Friday, July 20, 2012

INCREASING VOCATIONS TO THE PRIESTHOOD, CAUSE AND EFFECT, FEMININE AND MASCULINE LITURGY




I'm not advocating that it will be easy to recapture a Catholic culture in this country that will be seen by Catholics as above the culture they live in, where they are more influenced by their Church rather than the media and popular fads and trends and where having a child within a sacramental marriage is viewed as a gift from God to be embraced and where the process of pro-creating is viewed with awe and wonder and great fear of being a co-creator with God of a new human life. Human life and conception are viewed as gifts to be properly experienced and not as diseases or maladies to be medicated, manipulated or truncated.

With that said, we must also say that the Tridentine Mass had an appeal to boys and men that inspired them to consider a priestly vocation. What is it about the Tridentine Mass now known also as the Extraordinary Form of the Mass that attracts young boys and men to consider a priestly vocation and in great numbers?

1. The ethos of the EF Mass is more masculine in "personality" compared to the Ordinary Form. By that I mean it is more regimented,military like, "solider like" "march like" and in sinc with masculine attitudes for better or worse. Men are more private about their faith, less flamboyant and not normally given to wanting to be the center of attention. They are more cut and dry, prefer precise directions and less prone to the openness of how females conduct themselves. Whereas females are more intuitive, more fluid in their approach to order and more spontaneous. Women are more touchy feely than most men. They are more emotional and center their relations on feelings. The OF seems to embrace the sensibilities of the feminine more so than the EF.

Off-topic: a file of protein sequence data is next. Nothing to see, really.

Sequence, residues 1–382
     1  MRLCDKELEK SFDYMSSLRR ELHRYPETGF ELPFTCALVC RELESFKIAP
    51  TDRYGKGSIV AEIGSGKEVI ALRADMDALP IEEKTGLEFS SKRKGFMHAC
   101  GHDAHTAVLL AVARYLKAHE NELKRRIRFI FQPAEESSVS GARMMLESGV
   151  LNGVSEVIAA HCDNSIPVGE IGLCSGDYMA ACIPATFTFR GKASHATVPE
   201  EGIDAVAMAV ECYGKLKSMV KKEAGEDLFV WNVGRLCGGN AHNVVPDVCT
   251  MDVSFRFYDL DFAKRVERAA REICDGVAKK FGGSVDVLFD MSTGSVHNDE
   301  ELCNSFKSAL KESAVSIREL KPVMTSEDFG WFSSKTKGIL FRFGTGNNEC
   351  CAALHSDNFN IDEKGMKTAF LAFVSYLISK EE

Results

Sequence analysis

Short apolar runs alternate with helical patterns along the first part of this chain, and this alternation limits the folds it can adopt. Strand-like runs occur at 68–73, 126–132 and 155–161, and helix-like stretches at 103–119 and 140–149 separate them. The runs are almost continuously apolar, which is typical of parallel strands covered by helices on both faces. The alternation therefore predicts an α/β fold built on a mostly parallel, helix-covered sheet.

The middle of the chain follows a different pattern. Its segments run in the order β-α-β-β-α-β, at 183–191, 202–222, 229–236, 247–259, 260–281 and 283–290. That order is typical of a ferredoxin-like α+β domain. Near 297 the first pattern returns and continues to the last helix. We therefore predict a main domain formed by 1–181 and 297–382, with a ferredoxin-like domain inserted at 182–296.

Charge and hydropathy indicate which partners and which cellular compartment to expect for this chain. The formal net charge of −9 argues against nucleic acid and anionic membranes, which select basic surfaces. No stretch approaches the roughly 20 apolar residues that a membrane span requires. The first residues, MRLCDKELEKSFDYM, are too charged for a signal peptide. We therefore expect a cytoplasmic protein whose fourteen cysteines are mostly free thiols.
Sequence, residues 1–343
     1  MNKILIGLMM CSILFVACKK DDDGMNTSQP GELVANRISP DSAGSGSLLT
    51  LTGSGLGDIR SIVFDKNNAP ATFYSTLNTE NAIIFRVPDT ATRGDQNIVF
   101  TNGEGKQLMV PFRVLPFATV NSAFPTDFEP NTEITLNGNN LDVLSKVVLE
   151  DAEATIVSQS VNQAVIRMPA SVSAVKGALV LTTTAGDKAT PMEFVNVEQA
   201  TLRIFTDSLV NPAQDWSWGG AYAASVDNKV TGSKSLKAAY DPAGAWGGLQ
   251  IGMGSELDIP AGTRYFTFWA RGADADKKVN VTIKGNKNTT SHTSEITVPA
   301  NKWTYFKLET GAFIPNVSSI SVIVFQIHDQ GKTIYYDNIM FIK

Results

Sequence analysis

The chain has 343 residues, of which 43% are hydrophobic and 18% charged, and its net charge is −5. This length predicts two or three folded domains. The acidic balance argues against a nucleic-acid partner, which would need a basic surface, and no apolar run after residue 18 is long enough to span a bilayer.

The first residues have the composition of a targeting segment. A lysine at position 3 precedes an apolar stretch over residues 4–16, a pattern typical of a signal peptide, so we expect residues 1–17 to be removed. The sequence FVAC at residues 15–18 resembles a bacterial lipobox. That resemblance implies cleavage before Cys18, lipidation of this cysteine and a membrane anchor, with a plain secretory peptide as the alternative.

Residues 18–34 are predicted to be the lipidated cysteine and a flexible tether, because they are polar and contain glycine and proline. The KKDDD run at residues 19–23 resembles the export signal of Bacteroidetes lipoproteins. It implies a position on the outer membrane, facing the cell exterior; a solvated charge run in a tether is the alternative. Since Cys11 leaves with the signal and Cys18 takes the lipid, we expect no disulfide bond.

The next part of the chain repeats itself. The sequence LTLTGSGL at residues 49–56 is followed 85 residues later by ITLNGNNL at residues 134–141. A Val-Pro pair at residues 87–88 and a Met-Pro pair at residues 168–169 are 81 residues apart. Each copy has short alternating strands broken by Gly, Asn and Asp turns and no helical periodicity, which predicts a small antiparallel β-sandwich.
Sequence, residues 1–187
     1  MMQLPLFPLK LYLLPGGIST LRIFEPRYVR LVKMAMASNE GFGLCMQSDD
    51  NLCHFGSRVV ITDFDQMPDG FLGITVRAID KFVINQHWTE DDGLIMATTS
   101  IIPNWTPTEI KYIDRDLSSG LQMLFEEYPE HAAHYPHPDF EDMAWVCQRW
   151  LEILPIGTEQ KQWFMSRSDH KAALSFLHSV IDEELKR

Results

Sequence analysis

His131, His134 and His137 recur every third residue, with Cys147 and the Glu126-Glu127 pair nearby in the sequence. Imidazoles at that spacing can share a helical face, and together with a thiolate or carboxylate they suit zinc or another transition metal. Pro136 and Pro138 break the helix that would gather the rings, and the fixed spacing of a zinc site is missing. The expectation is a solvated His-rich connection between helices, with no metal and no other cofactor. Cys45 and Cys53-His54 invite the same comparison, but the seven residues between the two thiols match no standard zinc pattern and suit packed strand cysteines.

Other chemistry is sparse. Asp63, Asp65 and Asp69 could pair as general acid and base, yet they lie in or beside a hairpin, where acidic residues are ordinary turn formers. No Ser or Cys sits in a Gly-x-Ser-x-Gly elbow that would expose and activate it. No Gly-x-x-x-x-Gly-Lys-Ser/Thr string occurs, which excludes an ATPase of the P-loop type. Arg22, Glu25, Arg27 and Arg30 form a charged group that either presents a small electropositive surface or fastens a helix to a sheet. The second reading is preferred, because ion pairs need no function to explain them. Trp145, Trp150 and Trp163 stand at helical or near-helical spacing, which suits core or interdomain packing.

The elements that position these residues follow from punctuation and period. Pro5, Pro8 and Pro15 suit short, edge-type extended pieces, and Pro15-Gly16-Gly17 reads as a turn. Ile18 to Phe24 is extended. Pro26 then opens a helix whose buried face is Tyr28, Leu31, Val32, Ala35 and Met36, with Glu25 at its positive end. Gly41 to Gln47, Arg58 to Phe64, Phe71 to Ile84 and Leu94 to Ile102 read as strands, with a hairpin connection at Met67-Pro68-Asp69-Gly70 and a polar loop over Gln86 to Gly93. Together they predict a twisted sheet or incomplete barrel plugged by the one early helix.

2. The cult of altar boys as a recruitment for the seminary and priesthood has been lost as well as forming a community of altar boys based upon prayer and carrying out the rites of the Mass and other liturgies with great precision and pride. For the most part this has been lost in most parishes and altar servers are not well trained, have minor roles during the liturgy and don't take what they do as seriously as is demanded by the right implementation the celebration of the Mass.

If we believe that the priesthood is key for the celebration of the Mass and that there will be no change in the discipline of who gets ordained, then we need to recover that which promoted and inspired young boys and men to consider the priesthood.

12 comments:

ytc said...

Post of the year?

Gene said...

But, we say this as we continue to parade altar girls around...

Robert said...

And this explains exactly why there was such a big drop off of men attending Mass after the N.O. took over. It also explains why many members of the priesthood seemed less masculine in the years that followed. Needless to say, it also points to the solution.

Joseph Johnson said...